Everything, everywhere, all at once

The education sector is no stranger to change. In recent years, planned reforms to the education system, which has become increasingly fragmented, have been layered with forced responses to the pandemic. As a consequence, fragmentation has become even more exaggerated. It has led to discordant and unconnected initiatives which place further pressure on a system which is in danger of losing sight of its purpose for children and young people. As one colleague recently described it, “education is everything everywhere, all at once!” As the national political parties ready themselves to set out their visions for the country, including the education system, the ADCS Education Policy Committee has worked with ADCS members across the country to outline what we see as the key issues and areas of focus, hoping to give local insight to national policy makers.

Our engagement with members across ADCS has highlighted that education is not only a fundamental right for all children and young people, but also central to achieving a more equal society where every child is given the opportunity to pursue their interests and achieve their potential. I know from first-hand experience that a good education can be transformative, both academically and socially, and offers children a strong sense of belonging but I worry that the competing priorities faced by many schools make this an ideal rather than reality for too many children and school teams. Competition can be a healthy motivator and all schools should be striving to secure the best outcomes for their pupils, but this has been intensified by a shifting accountability system focussed almost entirely on academic attainment and less on collaboration between local schools. This competition sees schools in challenging areas losing great teachers and too many young people shifted around different establishments to avoid data dips with no one taking responsibility for their future because they are not incentivised to do so.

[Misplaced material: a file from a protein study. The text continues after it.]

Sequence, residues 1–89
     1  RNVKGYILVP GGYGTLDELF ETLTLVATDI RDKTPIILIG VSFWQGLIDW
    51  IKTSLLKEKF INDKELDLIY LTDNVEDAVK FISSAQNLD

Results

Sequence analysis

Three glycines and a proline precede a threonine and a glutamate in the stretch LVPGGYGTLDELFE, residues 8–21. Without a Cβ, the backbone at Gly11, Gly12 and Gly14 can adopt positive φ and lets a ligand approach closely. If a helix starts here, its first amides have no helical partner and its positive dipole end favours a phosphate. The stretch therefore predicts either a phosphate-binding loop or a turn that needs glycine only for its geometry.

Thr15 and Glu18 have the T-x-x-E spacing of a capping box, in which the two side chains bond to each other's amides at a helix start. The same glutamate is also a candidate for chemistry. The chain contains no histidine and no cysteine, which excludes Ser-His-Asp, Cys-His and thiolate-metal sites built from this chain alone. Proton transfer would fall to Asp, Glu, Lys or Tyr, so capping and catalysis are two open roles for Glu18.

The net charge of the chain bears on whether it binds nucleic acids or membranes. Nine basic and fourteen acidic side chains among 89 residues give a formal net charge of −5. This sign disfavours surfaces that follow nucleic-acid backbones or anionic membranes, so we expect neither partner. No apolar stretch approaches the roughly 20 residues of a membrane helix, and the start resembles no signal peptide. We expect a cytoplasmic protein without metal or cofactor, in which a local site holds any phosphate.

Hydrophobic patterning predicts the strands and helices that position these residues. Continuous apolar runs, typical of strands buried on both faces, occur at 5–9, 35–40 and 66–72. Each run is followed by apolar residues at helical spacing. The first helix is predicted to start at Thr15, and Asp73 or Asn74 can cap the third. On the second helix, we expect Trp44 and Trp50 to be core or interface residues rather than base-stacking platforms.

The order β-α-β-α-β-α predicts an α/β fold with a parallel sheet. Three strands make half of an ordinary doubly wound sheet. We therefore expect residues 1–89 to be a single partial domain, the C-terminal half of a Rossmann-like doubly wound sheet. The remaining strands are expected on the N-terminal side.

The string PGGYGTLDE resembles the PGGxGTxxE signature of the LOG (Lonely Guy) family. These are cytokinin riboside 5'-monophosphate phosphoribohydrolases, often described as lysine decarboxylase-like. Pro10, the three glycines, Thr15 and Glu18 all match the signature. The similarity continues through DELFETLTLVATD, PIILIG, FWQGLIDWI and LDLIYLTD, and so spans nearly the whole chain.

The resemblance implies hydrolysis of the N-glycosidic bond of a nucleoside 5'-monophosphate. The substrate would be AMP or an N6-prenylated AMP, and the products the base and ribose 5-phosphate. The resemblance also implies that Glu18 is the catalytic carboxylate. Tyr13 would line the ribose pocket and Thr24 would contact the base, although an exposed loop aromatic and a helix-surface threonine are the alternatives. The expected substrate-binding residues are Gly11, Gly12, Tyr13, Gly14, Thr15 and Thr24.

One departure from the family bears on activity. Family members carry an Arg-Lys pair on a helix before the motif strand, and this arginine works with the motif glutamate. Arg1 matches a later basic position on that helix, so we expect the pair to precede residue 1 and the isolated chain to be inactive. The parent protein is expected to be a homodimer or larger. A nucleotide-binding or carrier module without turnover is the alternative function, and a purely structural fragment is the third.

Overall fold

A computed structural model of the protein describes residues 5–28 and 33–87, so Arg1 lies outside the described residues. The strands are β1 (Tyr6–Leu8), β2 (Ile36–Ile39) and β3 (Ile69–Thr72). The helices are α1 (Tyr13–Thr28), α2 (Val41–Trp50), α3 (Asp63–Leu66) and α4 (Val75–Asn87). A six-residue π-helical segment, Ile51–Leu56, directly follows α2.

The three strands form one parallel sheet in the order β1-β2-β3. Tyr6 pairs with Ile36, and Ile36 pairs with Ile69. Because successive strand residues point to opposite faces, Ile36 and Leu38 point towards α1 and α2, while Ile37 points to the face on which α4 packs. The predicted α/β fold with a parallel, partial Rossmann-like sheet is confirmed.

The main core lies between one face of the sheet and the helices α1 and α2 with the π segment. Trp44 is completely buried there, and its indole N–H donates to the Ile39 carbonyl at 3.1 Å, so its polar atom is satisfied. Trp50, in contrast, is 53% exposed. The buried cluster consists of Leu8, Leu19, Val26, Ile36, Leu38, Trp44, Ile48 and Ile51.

Beyond schools, our early years and further education sectors have also suffered from a lack of long-term strategy and adequate funding which limits their unique role in improving social mobility. It should come as no surprise that we are seeing more and more children and young people who are less engaged with the education system - rising school exclusions and increasing levels of persistent absenteeism are just two examples of this and sadly, this disengagement is more acute for children who are from disadvantaged backgrounds. Now is the time to ask ourselves, what is education for and how does it meet the needs of children and young people today?

I am excited that we will be publish ADCS’s vision for a future education system at the NCAS Conference in October, calling for greater coherence to a sector that is struggling to place children at its heart despite a hugely dedicated workforce trying hard to so. Amongst other things, we will demonstrate the importance and value of place based partnerships which support strong collaboration driven by a shared moral purpose. A growing body of evidence suggests that this approach improves outcomes for those children and young people who are increasingly marginalised by the current high stakes system – something that is very much needed. I look forward to the vision being shared nationally and the opportunity to establish a direction for the education sector that has children and young people at its heart.


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